The Open Philology project works to create a novel digital environment for the study of Buddhist sūtra literature, with the goal of helping the researcher overcome the limitations of traditional paper editions.

Preliminary Research Results

For five years (2018–2022), a team in Leiden, whose members have included (in alphabetical order), Bai Yu (PhD student), Rafal Felbur (Post-doc), Gregory Forgues (Post-doc), Christopher Handy (programmer), Jiang Yixiu (PhD student), Antonello Palumbo (Post-doc), Jonathan Silk (PI), and Péter-Dániel Szántó (Post-doc), assisted also by Marieke Meelen (Cambridge), Paul Vierthaler (College of William & Mary) and Sasha Goldstein-Sabbah (Groningen), have worked toward two major goals.

The first has consisted in the development of:

  • An online editing environment for the production of scholarly editions
  • A method for the automated alignment of texts in Chinese and Tibetan
  • An interactive bibliographic database

The second has encompassed individual projects centered on texts found in the Mahāratnakūṭa (MRK) collection of 49 sūtras, preserved as a collection in the Chinese and Tibean Buddhist canons.

Editing environment. Automated alignment. Bibliographic database

a. Editing environment


The Open Philology Editing Environment (OPEn) web app is live! User instructions: open-philology-editing-environment-user-instructions.pdf

The production of critical editions is based on the production of a record of all rele-vant evidence and its presentation in a meaningful manner. A primary task is the col-lation of witnesses and the establishment of a text, usually understood to represent the closest possible reconstruction of some "original." In the case of translations of Buddhist texts into Chinese and Tibetan, this means that editors seek the closest possible reconstruction of what left the pen of the translator. However, a critical edi-tion also records significant and insignificant variants to this established text.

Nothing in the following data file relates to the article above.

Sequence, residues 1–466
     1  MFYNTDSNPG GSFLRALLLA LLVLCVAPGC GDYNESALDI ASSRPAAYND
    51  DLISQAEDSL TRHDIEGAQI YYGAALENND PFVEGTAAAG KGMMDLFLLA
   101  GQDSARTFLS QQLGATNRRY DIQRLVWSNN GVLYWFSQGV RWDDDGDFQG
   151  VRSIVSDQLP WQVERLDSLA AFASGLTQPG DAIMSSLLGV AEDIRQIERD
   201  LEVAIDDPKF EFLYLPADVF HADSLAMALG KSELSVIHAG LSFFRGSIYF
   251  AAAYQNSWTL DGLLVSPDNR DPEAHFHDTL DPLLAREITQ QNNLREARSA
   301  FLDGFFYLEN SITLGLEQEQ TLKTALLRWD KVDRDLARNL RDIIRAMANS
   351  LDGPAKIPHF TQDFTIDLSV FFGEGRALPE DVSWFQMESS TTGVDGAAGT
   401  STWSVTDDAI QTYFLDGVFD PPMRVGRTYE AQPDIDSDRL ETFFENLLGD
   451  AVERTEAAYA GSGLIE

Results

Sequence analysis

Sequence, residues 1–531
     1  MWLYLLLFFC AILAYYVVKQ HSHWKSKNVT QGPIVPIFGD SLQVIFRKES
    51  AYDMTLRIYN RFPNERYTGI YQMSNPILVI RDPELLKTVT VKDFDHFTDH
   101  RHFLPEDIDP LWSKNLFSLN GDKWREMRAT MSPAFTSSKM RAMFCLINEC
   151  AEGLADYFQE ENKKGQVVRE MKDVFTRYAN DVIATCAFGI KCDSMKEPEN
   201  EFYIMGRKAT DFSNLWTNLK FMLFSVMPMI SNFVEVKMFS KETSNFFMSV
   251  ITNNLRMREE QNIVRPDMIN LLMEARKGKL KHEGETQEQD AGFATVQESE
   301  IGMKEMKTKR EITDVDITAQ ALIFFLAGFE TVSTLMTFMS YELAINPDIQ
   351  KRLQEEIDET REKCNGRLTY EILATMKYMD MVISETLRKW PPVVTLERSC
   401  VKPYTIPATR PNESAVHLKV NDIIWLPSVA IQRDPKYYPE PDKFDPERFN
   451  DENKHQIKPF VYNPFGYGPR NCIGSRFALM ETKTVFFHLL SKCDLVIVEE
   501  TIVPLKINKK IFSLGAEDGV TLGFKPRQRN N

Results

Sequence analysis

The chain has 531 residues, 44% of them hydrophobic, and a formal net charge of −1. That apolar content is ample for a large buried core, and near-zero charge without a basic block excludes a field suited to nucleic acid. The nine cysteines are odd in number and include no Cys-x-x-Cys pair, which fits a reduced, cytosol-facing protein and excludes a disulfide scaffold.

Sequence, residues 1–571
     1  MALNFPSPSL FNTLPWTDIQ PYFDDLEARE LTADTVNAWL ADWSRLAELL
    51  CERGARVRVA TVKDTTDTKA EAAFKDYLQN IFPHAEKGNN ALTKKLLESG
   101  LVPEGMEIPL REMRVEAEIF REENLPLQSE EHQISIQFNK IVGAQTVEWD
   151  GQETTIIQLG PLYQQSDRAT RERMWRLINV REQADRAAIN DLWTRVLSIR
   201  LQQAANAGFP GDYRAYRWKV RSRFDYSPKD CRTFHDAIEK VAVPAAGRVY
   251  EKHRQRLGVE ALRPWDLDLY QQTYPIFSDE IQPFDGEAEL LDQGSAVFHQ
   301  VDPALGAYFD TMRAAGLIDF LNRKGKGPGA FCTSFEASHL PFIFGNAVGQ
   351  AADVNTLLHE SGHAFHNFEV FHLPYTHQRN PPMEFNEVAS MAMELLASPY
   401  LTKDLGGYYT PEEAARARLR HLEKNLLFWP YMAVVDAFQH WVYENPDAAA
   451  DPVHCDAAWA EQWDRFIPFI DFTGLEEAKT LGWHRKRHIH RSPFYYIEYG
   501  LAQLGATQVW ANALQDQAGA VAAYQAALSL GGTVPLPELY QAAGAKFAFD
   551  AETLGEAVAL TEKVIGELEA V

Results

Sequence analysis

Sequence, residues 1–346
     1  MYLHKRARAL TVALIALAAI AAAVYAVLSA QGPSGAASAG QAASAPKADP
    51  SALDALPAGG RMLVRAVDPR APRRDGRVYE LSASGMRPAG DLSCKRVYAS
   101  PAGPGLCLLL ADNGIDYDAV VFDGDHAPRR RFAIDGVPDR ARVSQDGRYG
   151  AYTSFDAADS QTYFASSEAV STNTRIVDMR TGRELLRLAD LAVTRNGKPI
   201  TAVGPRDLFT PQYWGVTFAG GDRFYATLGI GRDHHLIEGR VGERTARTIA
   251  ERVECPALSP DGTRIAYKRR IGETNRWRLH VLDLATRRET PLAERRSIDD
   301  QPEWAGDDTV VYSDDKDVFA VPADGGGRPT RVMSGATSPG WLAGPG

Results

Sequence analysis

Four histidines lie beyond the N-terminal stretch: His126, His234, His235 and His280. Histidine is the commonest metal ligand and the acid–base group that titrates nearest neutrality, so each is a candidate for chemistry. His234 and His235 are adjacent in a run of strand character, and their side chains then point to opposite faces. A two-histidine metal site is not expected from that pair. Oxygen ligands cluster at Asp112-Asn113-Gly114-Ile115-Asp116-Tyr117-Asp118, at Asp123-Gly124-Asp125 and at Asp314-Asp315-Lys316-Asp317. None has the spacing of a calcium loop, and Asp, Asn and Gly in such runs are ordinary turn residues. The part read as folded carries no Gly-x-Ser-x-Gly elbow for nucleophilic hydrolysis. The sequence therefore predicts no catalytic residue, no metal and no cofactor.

The editing environment built by the team (and developed by software developers X-Five) takes the output of a collation of multiple witnesses produced by CollateX and permits editors to select a main text, establish lemmas, determine if variants attested in witnesses are significant or insignificant, offer emendations, make multi-user collaborative comments, and output the result in a form suitable for the production of a critical edition, online or in print.

Use of this tool does not require knowledge of any mark-up code (thus, no TEI for instance). While the tool was developed primarily with Tibetan texts in mind, it is equally usable for texts in Chinese, and potentially in other languages as well. The tool is a web-based app, and the code has been published in open access on our GitHub page. The tool launched in July 2023. We invite fellow scholars to contact us to open user accounts.

b. Automated alignment of texts in Chinese and Tibetan

The team has developed a procedure for the automatic (i.e. computer-generated) alignment of highly-similar sequences of text in Chinese and Tibetan translations of Buddhist sūtra literature. Aside from the linguistic interest such a task entails, the development of a practical way to align translations will save researchers endless hours spent trying to locate parallel passages. It may also act as a cross-lingual "shared text detector," that is, allow the location of similar materials even though they are in a different language.

The procedure is described in:

Felbur, R., Meelen, M., & Vierthaler, P. (2022). Crosslinguistic Semantic Textual Similarity of Buddhist Chinese and Classical Tibetan. Journal of Open Humanities Data, 8, 23. DOI: http://doi.org/10.5334/johd.86